I think this dish is so fun to eat! You have freedom to eat it however you please. Essentially you are served the ingredients necessary to form either a bowl of noodles, a lettuce wrap, or a salad. Holy options! This dish includes: white rice noodles, fatty grilled pork in sour sauce, pickled vegetables in same sauce as meat, a huge plate of fresh herbs like mint and basil, lettuce leaves, and fish sauce.

Each part of the dish is served separately so you can feel free to mix, roll, and wrap as you please.


Bít tết

This heavier meal translates to “beefsteak” and is the ultimate meat and potatoes kind of meal. This thin beef meat has no bones and has a very simple marinate then cooked in a cast iron skillet with pate and an egg. This dish also comes with fried potatoes, salad/fresh vegetables such as onions, tomatoes, cucumbers, and lettuce, and on the side is Bánh mì (just the baguette, not the sandwich) to sop up the delicious pan drippings. Yum!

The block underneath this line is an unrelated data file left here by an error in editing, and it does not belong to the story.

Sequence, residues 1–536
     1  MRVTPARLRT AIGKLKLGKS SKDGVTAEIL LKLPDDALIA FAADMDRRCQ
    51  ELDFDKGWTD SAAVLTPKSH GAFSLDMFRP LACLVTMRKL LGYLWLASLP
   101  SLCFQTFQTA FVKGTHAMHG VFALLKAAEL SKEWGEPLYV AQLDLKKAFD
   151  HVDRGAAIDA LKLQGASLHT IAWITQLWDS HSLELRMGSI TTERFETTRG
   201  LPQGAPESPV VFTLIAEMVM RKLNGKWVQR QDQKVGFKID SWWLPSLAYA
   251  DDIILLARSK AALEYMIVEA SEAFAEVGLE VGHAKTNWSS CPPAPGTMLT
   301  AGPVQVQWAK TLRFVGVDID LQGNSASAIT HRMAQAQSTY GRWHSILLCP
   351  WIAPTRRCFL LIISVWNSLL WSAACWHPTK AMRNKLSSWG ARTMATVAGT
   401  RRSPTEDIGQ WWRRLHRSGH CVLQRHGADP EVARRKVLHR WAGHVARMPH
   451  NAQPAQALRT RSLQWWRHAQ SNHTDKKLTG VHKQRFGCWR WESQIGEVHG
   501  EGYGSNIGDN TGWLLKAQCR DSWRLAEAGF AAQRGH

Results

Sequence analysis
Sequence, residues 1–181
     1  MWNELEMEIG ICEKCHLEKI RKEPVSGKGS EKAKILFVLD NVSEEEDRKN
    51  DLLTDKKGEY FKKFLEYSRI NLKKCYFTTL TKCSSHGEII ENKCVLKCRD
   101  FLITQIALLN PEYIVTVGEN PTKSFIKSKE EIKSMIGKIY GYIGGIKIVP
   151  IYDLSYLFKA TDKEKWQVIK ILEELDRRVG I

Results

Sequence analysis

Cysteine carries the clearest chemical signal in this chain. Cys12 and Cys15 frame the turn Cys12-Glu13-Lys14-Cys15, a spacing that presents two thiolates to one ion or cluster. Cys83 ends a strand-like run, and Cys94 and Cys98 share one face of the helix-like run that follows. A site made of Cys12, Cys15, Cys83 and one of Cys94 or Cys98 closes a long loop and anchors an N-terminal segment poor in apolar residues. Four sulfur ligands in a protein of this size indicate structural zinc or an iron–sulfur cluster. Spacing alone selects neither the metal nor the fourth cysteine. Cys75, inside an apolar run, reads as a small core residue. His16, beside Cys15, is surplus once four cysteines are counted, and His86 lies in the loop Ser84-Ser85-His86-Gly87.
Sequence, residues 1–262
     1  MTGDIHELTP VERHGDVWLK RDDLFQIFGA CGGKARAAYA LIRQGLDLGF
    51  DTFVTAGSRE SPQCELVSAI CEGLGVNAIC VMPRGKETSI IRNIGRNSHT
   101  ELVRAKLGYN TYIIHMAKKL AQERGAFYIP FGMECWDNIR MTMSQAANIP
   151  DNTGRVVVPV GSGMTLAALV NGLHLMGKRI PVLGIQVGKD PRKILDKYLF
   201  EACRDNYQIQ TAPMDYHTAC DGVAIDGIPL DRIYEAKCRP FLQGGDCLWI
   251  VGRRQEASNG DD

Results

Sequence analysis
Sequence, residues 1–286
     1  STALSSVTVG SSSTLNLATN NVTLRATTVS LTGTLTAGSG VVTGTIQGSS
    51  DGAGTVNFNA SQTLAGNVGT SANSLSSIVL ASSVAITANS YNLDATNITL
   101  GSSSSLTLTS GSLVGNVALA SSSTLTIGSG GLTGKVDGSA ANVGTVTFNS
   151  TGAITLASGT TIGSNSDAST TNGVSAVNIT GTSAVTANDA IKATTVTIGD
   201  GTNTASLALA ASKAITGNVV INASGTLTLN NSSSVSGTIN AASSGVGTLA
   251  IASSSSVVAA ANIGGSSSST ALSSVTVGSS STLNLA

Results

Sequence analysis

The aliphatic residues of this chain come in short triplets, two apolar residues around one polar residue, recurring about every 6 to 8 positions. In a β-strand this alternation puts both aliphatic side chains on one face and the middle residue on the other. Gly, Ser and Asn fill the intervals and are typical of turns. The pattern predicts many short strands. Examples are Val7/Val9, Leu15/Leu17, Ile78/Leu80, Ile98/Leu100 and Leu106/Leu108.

Bún riêu

A crab-based rice vermicelli soup with clumps of boiled crab meat, coagulated pig’s blood, shrimp, and tomato. The broth is a very special part to this dish. According to a Vietnamese friend, the broth is made by muddling crab meat for nearly an hour. Then, once you muddle “a lot, a lot” of crab meat, the result is a delicious crab paste. You then strain the crab paste and use this as the main ingredient for the broth… yum. The crab meat is added later on for boiling and as a result floats to the top of the soup. These floating bits of crab meat having absorbed the crab broth flavors are my favorite part.